Protective and Peace Orders

Protective and Peace orders allow victims of certain types of abuse to receive protection and other kinds of relief. It is not unusual to see Peace and Protective orders in conjunction with assault charges. The key difference between a Protective and Peace order lies in the relationship between the alleged victim and the alleged abuser. Protective orders are normally reserved for current and former spouses, relatives, vulnerable adults, people who live together, and people who have a child in common. Peace orders, on the other hand, are generally available for people who are not otherwise qualified to receive a protective order.

While these hearings are civil in nature, having a restraining order lodged against you can still have serious consequences. The person seeking the protective order can be awarded the home you share, custody of the children, and monetary support, including child support.

Further, with a restraining order in place you cannot possess a firearm, which can be a huge problem for someone who needs to carry or use a firearm for his or her employment. These are just a few of the potential consequences at stake at a Peace or Protective order hearing. While Peace orders can remain in effect for up to six months, Protective orders can last up to one year.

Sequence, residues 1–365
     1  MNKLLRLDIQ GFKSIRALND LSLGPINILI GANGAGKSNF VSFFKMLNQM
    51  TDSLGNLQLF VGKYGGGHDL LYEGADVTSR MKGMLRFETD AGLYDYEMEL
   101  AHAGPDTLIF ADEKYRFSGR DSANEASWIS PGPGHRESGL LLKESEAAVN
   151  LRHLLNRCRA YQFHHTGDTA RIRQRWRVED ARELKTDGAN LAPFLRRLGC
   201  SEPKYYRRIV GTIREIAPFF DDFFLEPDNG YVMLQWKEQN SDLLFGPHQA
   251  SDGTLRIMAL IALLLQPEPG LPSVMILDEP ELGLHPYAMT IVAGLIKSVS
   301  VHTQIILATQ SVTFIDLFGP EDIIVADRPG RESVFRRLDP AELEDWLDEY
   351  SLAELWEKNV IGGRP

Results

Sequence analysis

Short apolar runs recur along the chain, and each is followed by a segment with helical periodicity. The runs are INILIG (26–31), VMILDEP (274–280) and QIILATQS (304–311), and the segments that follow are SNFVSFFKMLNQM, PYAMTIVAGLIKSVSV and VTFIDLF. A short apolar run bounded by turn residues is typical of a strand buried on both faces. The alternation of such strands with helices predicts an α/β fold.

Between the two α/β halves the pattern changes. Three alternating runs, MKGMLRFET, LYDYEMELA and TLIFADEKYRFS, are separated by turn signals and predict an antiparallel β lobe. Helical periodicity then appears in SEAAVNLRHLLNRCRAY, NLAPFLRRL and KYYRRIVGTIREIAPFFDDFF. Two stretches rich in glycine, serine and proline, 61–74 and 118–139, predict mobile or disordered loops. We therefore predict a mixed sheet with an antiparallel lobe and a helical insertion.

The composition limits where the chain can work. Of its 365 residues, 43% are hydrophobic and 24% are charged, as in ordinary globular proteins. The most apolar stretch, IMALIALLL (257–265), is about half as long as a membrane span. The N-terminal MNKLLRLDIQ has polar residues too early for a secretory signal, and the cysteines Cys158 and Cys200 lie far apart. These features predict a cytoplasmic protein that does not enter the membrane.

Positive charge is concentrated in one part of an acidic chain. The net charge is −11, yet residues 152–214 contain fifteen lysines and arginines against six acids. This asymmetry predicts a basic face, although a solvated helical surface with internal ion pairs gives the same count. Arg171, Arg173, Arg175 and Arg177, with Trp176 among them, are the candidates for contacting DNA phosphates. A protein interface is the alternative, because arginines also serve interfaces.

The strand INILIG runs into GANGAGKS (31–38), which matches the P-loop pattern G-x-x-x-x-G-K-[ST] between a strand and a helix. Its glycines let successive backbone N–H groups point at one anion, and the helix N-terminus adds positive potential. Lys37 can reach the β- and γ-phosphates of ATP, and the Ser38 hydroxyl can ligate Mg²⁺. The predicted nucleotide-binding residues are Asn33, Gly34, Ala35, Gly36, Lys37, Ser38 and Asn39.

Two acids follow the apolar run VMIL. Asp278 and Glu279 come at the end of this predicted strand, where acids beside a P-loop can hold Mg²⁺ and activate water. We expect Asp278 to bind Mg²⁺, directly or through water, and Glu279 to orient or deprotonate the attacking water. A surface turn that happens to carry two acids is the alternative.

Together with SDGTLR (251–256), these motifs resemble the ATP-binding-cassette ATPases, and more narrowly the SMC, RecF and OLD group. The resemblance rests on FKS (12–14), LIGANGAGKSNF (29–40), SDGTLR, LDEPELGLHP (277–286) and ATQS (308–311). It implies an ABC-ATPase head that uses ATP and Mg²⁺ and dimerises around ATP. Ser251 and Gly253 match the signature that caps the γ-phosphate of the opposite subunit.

Further, the enforcement of a restraining order can have significant consequences for the person alleged to have violated the order. If the “stay away” portion of the order is violated, the respondent can be arrested with or without a warrant. To make matters worse, if you are accused of violating the order by abusing the protected person you can be incarcerated without bail.

Having an attorney at these hearings is crucial, especially if you are facing assault charges. Everything you say at these hearings is under oath, so your words can be used against you in future criminal proceedings. A knowledgeable attorney will be able to advise you if you should challenge your accuser or agree to the protective order with a few conditions of your own. Call to speak with an attorney at Ortega Law today.